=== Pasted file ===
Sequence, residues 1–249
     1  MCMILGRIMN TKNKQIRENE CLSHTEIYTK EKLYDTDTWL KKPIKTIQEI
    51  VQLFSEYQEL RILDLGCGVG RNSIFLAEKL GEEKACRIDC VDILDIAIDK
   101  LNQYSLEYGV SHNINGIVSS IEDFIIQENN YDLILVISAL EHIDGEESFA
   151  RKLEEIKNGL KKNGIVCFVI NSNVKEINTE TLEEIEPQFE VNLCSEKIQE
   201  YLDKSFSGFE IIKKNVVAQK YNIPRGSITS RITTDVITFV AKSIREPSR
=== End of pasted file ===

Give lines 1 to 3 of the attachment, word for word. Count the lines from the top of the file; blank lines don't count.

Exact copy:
Sequence, residues 1–249
     1  MCMILGRIMN TKNKQIRENE CLSHTEIYTK EKLYDTDTWL KKPIKTIQEI
    51  VQLFSEYQEL RILDLGCGVG RNSIFLAEKL GEEKACRIDC VDILDIAIDK